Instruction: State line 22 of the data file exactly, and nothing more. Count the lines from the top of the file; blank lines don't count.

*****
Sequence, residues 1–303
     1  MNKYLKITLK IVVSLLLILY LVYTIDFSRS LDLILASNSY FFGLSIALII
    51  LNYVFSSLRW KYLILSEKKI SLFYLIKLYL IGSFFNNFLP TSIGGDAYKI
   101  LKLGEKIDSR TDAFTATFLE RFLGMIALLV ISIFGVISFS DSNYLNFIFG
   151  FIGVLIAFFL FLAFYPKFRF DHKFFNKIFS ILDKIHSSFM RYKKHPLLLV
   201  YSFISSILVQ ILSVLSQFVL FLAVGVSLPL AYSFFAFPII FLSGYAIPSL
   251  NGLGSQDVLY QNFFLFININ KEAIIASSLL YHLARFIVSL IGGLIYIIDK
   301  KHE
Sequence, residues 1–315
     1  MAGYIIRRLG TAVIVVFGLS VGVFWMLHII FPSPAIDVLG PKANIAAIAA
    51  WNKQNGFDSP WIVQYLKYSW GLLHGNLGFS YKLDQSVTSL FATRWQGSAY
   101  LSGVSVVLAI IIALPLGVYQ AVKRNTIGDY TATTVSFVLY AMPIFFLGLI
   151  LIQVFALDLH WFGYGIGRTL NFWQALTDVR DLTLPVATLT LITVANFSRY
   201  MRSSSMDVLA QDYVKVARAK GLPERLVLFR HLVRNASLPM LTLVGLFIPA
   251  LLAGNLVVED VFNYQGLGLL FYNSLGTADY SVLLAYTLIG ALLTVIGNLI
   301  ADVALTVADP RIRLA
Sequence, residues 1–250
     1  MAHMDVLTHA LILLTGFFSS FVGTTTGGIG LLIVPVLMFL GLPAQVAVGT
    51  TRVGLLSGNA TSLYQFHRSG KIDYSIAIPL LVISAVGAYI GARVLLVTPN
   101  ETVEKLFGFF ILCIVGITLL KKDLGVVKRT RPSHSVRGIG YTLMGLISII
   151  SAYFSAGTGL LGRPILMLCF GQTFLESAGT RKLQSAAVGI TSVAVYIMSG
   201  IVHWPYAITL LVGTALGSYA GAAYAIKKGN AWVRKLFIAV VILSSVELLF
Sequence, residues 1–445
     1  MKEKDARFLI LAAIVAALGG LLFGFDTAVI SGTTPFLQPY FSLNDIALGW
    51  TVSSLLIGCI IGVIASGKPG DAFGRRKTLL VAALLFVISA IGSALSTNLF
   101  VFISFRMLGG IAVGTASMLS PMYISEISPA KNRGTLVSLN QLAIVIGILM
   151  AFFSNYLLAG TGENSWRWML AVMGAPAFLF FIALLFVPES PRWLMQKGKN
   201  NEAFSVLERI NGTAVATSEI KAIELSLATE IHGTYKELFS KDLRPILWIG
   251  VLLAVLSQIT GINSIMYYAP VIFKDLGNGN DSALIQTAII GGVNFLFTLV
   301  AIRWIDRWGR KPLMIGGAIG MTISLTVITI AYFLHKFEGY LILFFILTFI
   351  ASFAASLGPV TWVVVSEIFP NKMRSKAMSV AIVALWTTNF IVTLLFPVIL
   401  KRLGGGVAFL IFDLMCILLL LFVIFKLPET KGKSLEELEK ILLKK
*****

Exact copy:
   201  IVHWPYAITL LVGTALGSYA GAAYAIKKGN AWVRKLFIAV VILSSVELLF